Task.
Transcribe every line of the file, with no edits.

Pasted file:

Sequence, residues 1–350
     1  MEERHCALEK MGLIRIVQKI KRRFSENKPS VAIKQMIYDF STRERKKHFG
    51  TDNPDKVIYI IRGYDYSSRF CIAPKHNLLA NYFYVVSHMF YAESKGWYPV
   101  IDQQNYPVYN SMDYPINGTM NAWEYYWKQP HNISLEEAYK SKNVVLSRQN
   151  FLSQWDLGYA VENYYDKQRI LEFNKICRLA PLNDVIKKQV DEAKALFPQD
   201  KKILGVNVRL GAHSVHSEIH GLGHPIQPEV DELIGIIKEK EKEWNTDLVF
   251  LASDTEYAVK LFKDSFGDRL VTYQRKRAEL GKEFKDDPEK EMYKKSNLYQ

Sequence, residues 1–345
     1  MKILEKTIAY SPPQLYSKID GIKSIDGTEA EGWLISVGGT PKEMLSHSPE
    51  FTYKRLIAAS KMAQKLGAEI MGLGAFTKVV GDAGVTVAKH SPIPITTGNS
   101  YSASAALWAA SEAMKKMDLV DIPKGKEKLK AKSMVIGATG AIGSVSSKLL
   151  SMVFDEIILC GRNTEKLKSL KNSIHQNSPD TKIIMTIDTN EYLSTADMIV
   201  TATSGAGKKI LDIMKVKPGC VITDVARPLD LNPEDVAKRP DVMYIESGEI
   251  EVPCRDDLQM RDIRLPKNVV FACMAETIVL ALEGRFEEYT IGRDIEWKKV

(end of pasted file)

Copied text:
Sequence, residues 1–350
     1  MEERHCALEK MGLIRIVQKI KRRFSENKPS VAIKQMIYDF STRERKKHFG
    51  TDNPDKVIYI IRGYDYSSRF CIAPKHNLLA NYFYVVSHMF YAESKGWYPV
   101  IDQQNYPVYN SMDYPINGTM NAWEYYWKQP HNISLEEAYK SKNVVLSRQN
   151  FLSQWDLGYA VENYYDKQRI LEFNKICRLA PLNDVIKKQV DEAKALFPQD
   201  KKILGVNVRL GAHSVHSEIH GLGHPIQPEV DELIGIIKEK EKEWNTDLVF
   251  LASDTEYAVK LFKDSFGDRL VTYQRKRAEL GKEFKDDPEK EMYKKSNLYQ

Sequence, residues 1–345
     1  MKILEKTIAY SPPQLYSKID GIKSIDGTEA EGWLISVGGT PKEMLSHSPE
    51  FTYKRLIAAS KMAQKLGAEI MGLGAFTKVV GDAGVTVAKH SPIPITTGNS
   101  YSASAALWAA SEAMKKMDLV DIPKGKEKLK AKSMVIGATG AIGSVSSKLL
   151  SMVFDEIILC GRNTEKLKSL KNSIHQNSPD TKIIMTIDTN EYLSTADMIV
   201  TATSGAGKKI LDIMKVKPGC VITDVARPLD LNPEDVAKRP DVMYIESGEI
   251  EVPCRDDLQM RDIRLPKNVV FACMAETIVL ALEGRFEEYT IGRDIEWKKV